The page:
Once you’ve decided which pet sitter you will use and signed any agreements, be sure to provide the pet sitter with the following:

  • A breakdown of your pet’s medical/behavioral history and habits.
  • Copies of immunizations and vaccines, particularly a current rabies certificate.
  • List any medical conditions, medications taken with dosage and times.
  • Schedule of routine for eating, walks and playtime.
  • Contact information including cell phone, where you will be staying, emergency contact, veterinarian information (location/business hours). If your pet has any special needs, make sure to let your vet know that you will be out of town and sign any authorizations necessary, in case the pet sitter needs to bring your pet in.
  • Sufficient food, water (if bottled), treats and medication for the lengths of your vacation plus a few extra days.
  • Collar/harness with identification tags to be worn by the pet while away, particularly when leaving the home.
  • Toys, chews or other things the pet likes to play with or wear.
  • List of any rooms/areas off limits to the pet.
  • If the sitter will be doing other things for you while you are away, provide a list of clear instructions for such things as watering plants, checking the mail, lights on/off, etc.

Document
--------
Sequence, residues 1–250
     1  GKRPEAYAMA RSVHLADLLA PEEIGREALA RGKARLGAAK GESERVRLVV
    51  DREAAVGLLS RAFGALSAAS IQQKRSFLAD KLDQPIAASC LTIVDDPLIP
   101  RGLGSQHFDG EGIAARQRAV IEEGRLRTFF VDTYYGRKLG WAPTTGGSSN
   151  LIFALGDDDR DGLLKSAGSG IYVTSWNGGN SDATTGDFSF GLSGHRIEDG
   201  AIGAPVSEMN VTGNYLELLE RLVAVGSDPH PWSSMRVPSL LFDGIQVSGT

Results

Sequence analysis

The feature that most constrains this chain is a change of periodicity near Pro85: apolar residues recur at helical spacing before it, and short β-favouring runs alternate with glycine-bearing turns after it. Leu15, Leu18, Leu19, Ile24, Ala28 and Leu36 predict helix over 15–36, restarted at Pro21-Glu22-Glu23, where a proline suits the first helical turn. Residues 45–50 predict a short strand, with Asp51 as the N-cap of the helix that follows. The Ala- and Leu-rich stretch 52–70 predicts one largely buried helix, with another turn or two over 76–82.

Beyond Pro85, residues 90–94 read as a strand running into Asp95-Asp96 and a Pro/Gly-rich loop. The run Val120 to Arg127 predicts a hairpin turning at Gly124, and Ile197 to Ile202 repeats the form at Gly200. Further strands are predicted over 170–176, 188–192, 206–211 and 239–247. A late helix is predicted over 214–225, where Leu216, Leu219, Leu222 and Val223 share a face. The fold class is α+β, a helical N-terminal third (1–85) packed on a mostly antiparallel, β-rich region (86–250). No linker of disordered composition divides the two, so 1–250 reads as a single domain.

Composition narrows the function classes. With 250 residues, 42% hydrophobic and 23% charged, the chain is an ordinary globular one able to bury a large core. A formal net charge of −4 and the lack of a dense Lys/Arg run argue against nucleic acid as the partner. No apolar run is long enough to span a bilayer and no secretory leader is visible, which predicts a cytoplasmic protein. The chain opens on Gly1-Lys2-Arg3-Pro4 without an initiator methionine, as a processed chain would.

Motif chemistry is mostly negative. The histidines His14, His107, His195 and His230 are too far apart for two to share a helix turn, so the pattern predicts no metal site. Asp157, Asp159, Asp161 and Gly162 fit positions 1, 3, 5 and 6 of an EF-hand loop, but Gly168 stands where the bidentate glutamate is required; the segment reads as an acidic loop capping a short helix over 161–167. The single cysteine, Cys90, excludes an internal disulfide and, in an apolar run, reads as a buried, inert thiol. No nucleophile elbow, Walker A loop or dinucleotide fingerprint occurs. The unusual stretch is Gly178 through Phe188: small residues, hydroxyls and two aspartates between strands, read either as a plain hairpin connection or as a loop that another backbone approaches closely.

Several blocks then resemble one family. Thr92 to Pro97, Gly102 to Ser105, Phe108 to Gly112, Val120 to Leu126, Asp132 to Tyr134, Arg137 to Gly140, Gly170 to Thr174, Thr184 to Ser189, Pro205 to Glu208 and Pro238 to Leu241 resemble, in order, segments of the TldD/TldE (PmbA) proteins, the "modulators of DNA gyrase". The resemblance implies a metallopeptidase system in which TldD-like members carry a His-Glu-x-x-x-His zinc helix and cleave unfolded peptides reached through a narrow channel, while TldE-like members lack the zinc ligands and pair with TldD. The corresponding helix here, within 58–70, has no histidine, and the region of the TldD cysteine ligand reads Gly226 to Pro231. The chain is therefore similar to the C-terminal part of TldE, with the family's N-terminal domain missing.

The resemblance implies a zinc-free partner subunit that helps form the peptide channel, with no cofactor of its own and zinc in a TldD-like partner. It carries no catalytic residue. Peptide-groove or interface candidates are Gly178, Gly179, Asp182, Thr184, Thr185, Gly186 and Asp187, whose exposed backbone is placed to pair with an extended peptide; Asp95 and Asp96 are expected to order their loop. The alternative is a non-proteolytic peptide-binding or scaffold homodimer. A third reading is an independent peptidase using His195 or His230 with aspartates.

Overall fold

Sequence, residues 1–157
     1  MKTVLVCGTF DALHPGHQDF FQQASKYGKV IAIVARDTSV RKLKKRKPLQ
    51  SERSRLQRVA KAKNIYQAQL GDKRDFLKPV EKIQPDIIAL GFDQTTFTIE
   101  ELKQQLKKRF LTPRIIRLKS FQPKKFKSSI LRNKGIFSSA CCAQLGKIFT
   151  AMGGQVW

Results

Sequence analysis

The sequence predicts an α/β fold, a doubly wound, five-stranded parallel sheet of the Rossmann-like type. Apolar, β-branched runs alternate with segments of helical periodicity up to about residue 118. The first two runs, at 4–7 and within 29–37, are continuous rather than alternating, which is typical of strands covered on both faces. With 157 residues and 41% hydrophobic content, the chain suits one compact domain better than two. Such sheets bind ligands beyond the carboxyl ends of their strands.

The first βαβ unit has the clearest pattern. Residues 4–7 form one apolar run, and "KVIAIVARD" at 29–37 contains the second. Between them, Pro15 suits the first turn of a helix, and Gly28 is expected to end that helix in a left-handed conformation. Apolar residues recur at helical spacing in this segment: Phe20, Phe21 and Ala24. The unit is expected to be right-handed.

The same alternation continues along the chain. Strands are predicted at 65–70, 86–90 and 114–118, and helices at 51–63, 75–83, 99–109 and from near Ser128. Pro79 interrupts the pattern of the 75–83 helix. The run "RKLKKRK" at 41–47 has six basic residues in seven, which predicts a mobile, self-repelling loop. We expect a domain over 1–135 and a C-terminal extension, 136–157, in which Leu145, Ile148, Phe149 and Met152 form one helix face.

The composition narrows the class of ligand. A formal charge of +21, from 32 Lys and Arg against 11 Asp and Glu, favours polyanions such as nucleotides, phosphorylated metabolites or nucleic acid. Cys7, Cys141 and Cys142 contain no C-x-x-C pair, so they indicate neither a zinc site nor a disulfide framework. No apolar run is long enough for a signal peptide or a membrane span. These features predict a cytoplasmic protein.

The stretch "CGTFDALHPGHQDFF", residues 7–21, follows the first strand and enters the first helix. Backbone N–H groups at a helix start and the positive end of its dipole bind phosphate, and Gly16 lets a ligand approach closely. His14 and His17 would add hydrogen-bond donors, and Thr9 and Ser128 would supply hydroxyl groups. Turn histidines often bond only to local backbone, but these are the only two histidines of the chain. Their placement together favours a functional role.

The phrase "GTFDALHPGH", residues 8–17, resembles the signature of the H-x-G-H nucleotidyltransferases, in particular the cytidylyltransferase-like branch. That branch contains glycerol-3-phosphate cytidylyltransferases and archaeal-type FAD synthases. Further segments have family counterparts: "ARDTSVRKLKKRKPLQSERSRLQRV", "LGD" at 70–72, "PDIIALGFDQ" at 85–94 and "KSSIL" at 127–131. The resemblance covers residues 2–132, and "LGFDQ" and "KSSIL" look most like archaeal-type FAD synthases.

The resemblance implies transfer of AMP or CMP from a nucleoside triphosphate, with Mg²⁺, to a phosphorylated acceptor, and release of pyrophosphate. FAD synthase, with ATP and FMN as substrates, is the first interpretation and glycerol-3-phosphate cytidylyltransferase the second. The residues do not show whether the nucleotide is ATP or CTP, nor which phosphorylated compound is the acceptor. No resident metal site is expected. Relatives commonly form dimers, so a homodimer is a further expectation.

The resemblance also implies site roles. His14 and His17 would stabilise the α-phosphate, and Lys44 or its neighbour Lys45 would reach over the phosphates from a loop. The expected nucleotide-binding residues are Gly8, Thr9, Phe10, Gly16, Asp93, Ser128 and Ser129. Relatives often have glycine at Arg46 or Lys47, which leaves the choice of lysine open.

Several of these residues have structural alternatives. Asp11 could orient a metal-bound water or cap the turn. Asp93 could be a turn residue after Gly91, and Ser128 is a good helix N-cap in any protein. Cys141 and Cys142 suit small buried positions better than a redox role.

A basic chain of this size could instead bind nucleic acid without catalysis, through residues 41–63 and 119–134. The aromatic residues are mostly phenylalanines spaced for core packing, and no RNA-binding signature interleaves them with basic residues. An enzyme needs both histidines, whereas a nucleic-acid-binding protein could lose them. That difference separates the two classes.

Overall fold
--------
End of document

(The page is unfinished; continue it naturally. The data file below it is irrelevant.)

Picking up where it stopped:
• If the sitter will be staying in the home, provide information on alarms, any special instructions for use of any media entertainment (TV, audio, internet use), do’s and don’ts (for example, help yourself to sodas in the fridge, but please do not drink the wine unless already open or rent any movies), which bed to sleep in, location of circuit box, flashlights/candles, extra blankets/pillows, what rooms to stay out of, etc.

Using a professional pet sitter may be an ideal situation for multi-pet households or for those with pets with special needs (skittish, aggressive, senior, ill, young). For many, having the reassurance of a consistent, reliable and friendly face in their home and comfortable with their pets (and the pets comfortable with them) alleviates stress associated with leaving our pets behind while we vacation.